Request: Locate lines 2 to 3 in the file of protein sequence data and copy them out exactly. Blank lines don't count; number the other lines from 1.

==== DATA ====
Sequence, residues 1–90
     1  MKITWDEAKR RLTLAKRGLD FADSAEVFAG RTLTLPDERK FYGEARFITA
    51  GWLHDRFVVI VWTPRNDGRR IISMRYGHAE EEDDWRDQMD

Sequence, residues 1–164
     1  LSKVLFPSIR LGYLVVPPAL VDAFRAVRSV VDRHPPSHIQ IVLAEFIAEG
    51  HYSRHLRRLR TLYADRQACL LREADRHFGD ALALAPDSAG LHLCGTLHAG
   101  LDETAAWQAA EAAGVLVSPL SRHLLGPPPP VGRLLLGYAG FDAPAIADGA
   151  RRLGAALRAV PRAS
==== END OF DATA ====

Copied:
     1  MKITWDEAKR RLTLAKRGLD FADSAEVFAG RTLTLPDERK FYGEARFITA
    51  GWLHDRFVVI VWTPRNDGRR IISMRYGHAE EEDDWRDQMD